Senate bill aims at cybersecurity standards

A new Senate bill would allow the Department of Homeland Security to set and enforce computer security standards for companies that own or operate critical systems like mobile networks, power grids and telephone/cable systems deemed to be at risk of cyber-attack.

“This bill would begin to arm us for battle in a war - that is being waged against us by our nation’s enemies, organized criminal gangs and terrorists who would use the Internet against us,” said Sen. Joseph I. Lieberman, Connecticut independent and chairman of the Senate Homeland Security and Governmental Affairs Committee.

Mr. Lieberman introduced the bill Tuesday.

In recent years, there has been growing concern over the ability of hackers, cyber-spies and malicious software to penetrate computer networks that control vital infrastructure systems.

Mr. Lieberman’s bill - “The Cybersecurity Act of 2012” (SB-2105) - would consolidate all of Homeland Security’s cybersecurity functions into a single national center, which would be headed by a cybersecurity director who would be confirmed by the Senate.

The legislation is co-sponsored by Sens. Jay Rockefeller, West Virginia Democrat; Diane Feinstein, California Democrat; and Susan M. Collins of Maine, ranking Republican on the Senate Homeland Security Committee, which will consider the measure at a hearing Thursday.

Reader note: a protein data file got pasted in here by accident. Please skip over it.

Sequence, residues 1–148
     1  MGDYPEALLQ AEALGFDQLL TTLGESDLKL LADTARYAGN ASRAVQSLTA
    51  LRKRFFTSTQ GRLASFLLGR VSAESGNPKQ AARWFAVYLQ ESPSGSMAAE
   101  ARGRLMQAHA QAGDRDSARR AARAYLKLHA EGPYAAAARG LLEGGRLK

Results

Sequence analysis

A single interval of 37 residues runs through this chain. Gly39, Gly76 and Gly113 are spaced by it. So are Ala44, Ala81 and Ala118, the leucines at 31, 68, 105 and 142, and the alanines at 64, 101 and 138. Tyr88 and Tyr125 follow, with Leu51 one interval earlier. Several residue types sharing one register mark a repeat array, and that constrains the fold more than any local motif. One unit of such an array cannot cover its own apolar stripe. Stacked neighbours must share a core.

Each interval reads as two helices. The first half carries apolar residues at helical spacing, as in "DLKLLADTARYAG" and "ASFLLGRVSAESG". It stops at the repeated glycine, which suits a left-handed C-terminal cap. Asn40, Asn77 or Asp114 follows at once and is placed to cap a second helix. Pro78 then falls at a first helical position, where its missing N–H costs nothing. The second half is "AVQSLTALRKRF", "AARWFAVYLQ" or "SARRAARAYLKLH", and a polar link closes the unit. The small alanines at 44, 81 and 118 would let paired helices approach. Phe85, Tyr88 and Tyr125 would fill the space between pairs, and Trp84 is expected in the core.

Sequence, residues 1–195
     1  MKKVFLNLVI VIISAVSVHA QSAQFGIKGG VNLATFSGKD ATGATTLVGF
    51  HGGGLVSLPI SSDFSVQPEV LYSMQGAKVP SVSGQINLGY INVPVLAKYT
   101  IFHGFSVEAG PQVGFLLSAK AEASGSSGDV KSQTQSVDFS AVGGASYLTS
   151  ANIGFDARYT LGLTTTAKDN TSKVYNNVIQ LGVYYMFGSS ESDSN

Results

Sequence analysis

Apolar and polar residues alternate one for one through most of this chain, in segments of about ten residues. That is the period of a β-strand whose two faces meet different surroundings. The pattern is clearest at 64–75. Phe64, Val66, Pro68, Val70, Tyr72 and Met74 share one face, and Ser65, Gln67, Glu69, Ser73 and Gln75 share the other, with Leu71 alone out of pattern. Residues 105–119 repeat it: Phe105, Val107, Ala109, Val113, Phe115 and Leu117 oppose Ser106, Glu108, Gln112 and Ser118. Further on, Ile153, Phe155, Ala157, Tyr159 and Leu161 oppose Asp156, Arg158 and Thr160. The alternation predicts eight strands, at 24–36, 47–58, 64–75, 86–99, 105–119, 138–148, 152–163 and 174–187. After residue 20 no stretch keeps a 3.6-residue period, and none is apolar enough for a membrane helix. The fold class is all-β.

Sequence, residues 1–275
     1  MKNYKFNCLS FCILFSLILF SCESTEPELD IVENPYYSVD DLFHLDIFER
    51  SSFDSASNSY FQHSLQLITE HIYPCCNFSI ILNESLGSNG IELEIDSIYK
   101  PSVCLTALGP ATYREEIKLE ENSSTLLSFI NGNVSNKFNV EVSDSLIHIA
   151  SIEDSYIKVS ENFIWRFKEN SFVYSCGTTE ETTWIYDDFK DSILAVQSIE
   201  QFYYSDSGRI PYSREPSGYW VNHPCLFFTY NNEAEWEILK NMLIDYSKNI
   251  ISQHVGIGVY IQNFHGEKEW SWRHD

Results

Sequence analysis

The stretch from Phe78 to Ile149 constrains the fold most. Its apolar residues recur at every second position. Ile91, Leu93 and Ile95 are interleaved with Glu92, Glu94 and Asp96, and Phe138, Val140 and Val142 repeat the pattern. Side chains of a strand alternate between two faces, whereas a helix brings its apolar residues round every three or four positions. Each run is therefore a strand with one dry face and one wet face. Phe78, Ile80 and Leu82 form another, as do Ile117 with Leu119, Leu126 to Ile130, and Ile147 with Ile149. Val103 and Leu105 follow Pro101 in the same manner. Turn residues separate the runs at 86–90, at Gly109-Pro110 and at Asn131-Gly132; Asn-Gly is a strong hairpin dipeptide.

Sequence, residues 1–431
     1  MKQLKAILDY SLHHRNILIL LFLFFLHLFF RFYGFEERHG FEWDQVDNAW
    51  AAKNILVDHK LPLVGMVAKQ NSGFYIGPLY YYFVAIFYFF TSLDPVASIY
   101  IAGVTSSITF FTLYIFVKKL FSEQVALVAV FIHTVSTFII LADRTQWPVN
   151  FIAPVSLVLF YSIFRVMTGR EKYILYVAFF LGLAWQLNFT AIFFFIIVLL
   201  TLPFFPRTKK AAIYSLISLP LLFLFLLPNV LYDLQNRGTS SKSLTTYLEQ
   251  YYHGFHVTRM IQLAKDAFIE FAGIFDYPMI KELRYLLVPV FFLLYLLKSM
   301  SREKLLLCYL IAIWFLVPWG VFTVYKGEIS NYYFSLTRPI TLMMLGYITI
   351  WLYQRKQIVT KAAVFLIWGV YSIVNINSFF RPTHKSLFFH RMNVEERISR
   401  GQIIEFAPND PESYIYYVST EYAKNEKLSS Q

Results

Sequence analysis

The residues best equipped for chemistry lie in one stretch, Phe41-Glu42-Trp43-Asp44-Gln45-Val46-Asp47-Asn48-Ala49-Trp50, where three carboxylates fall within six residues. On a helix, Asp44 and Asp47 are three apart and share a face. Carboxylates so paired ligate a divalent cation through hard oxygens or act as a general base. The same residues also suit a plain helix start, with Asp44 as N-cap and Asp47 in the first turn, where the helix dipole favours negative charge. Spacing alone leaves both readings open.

Senate Majority Leader Harry Reid, Nevada Democrat, has said he wants to bring the bill to the floor for a vote as soon as possible.

Some industry groups and privacy advocates are worried by provisions in the Lieberman bill and other cybersecurity legislation.

Industry lobbies such as the Chamber of Commerce have argued that allowing Homeland Security, rather than existing industry regulators, to set and enforce standards will add to the regulatory burden on utilities and other vital sectors.

Privacy advocates are concerned by information-sharing proposals aimed at giving government agencies greater visibility into private networks to monitor them for intrusions.

“Since we are talking about privately owned and operated networks that carry personal communications, any sharing of information must be carefully controlled,” Gregory Nojeim, an attorney with the Center for Democracy and Technology, said at a Capitol Hill briefing last week.

There is at least one other Senate bill circulating, and several are being considered by various House committees.

Observers say that, despite wide agreement on the need for legislation, there is no guarantee that a bitterly divided Congress will be able to pass a bill.

“Those who do not approve of certain sections should come to the table with alternative ideas instead of simply saying ‘no,’ ” said Jessica Herrera-Flanigan, a fellow for cybersecurity at the Center for National Policy think tank in Washington.

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